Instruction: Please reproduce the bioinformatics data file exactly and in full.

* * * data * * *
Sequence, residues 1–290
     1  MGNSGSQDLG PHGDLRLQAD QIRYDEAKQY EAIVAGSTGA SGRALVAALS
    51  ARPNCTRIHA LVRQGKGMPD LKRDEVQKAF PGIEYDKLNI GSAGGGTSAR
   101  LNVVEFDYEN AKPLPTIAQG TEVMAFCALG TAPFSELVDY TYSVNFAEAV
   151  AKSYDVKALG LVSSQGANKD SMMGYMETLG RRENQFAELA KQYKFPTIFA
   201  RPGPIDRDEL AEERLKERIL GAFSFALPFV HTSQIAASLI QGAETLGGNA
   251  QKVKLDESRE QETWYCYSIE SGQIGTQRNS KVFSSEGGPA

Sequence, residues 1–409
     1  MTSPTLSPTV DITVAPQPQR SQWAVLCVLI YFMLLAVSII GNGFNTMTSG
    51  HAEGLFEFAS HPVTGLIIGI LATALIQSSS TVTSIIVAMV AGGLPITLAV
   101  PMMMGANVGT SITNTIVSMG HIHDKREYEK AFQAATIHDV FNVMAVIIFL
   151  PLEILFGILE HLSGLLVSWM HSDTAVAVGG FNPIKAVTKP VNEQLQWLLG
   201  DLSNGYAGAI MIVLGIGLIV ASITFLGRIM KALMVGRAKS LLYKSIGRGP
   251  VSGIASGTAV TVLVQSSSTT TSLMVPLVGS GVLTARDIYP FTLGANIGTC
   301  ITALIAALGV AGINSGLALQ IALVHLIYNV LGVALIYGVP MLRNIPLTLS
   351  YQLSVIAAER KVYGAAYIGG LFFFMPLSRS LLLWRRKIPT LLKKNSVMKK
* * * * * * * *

Sequence, residues 1–290
     1  MGNSGSQDLG PHGDLRLQAD QIRYDEAKQY EAIVAGSTGA SGRALVAALS
    51  ARPNCTRIHA LVRQGKGMPD LKRDEVQKAF PGIEYDKLNI GSAGGGTSAR
   101  LNVVEFDYEN AKPLPTIAQG TEVMAFCALG TAPFSELVDY TYSVNFAEAV
   151  AKSYDVKALG LVSSQGANKD SMMGYMETLG RRENQFAELA KQYKFPTIFA
   201  RPGPIDRDEL AEERLKERIL GAFSFALPFV HTSQIAASLI QGAETLGGNA
   251  QKVKLDESRE QETWYCYSIE SGQIGTQRNS KVFSSEGGPA

Sequence, residues 1–409
     1  MTSPTLSPTV DITVAPQPQR SQWAVLCVLI YFMLLAVSII GNGFNTMTSG
    51  HAEGLFEFAS HPVTGLIIGI LATALIQSSS TVTSIIVAMV AGGLPITLAV
   101  PMMMGANVGT SITNTIVSMG HIHDKREYEK AFQAATIHDV FNVMAVIIFL
   151  PLEILFGILE HLSGLLVSWM HSDTAVAVGG FNPIKAVTKP VNEQLQWLLG
   201  DLSNGYAGAI MIVLGIGLIV ASITFLGRIM KALMVGRAKS LLYKSIGRGP
   251  VSGIASGTAV TVLVQSSSTT TSLMVPLVGS GVLTARDIYP FTLGANIGTC
   301  ITALIAALGV AGINSGLALQ IALVHLIYNV LGVALIYGVP MLRNIPLTLS
   351  YQLSVIAAER KVYGAAYIGG LFFFMPLSRS LLLWRRKIPT LLKKNSVMKK